What Other Head Coaches Really Think Of The Mavs, Dirk And Dallas Culture

A unique way to look at the Mavs' Dirk-led culture? Through the eyes of opposing coaches like Brett Brown and Mike D'Antoni, who keep trying to plow through the Dallas obstacle.

Brett Brown Looks Back on a Decade and A Half of Dirk and Dallas

The middle of an NBA season usually lends itself towards focusing on the near future rather than the distant past. There’s an intrigue on postseason basketball, first-round matchups, even July free agency. For the Dallas Mavericks, the future is undetermined in all those regards. A new chapter is most certainly on the horizon for Dallas in coming years. 

The past has been cemented for Dallas though, and with Dirk Nowitzki recently passing 29,000 points while just about all of his peers are smiling and waving their way through retirement tours, it’s worth taking a moment to gain some perspective on the past 16 years of Mavericks’ basketball. 

What better way to do that than to hear things from an outsider’s point of view? From 2002-2013 Brett Brown was an assistant coach for the San Antonio Spurs before taking the head coaching position with the Philadelphia 76ers. His associate head coach is Mike D’Antoni, who famously coached the Seven Seconds or Less Phoenix Suns from 2003-2008.

                                     

At the Sixers’ shootaround before Sunday night’s game between Philadelphia and Dallas, Brown talked about what being in the American Airlines Center still meant to both men.

“We were just talking about it with Mike [D’Antoni]. With Mike it’s the same thing when you come back here. Almost every year, you had to get through Dallas to go where you wanted to go with San Antonio.”

                                    

The Mavericks’ played against each of the Spurs and Suns in the Conference Finals during Brown and D’Antoni’s tenures. Dallas also faced both teams in Conference Semi-Finals matchups. One of the most notable matchups was a 2004-2005 semi-finals series in which the 62-win Suns took down the 58-win Mavericks in six games. Steve Nash had won the MVP and Nowitzki had finished third in voting.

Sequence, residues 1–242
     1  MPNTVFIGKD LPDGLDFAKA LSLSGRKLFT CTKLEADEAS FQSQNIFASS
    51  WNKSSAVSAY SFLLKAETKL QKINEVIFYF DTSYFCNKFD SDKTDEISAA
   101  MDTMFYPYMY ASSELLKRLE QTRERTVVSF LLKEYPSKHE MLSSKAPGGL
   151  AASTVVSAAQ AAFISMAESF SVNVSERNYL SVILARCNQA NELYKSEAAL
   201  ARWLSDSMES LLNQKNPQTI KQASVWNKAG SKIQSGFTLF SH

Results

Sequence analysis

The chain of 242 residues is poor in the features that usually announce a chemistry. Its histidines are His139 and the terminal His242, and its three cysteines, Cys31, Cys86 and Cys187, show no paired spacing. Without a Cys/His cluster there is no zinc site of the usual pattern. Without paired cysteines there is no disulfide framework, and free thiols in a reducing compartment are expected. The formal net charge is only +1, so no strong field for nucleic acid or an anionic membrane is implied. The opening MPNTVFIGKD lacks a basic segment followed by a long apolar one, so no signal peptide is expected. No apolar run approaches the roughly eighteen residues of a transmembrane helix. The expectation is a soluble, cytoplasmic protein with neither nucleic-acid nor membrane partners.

“So you walk into the locker room and you get flashbacks of the Nellie days,” Brown continued. “We (San Antonio) were down 3-1 against Dallas and ended up bringing it back to 3-3, and then we’re down 25 in San Antonio and then Manu ended up fouling Dirk for the thee-point play and we ended up losing that series.”

Brown was referring to the 2006 series, which was actually after the Nellie days when Nowitzki completed a three-point play to send game seven into overtime. The Mavs would advance and go on to play… you guessed it, the Suns and eventually reaching the NBA Finals before losing to the Miami Heat. 

“So you remember so many things,” Brown went on. “The Avery days when Avery had them rolling. Then Rick [Carlisle] has come in here. They’ve really had some really, really great coaches. My history with San Antonio and the memories, coming into this building and brings back all of them. There’s been a lot of great games with great players in this building.”

Brown was right about an era of three great coaches and a lot of great players that have passed through the American Airlines Center, but there has been one constant throughout it all: Dirk Nowitzki. When Brown was asked about how he game planned on for last Sunday night’s game (our coverage of that Dallas win over Philly is here), he said it wasn’t much different than it’s been for the past 16 years.

“I mean, it’s always Dirk,” Brown said. “I’m assuming of the other coaches would tell you when you play Dallas it’s Dirk and it’s pick-and-roll defense. Then life sort of moves into the obvious areas after that.”

Popovich himself says essentially the same.

                             

"He's still as tough to game-plan for as anybody," Popovich said of Dirk. "He's a terrific competitor and arguably the best pure shooter we've seen. He worked himself into position where he was impossible to defend. And he's still pretty much the same."

If anybody is forced to live in the moment, if for nothing else but for their own sanity, it’s an NBA coach. But Brett Brown walks into the visitor’s locker room and can’t help but look back on things in Dallas. ... and his view typifies what "the other guys'' think about a Dirk-led culture that has the respect of opposing coaches.

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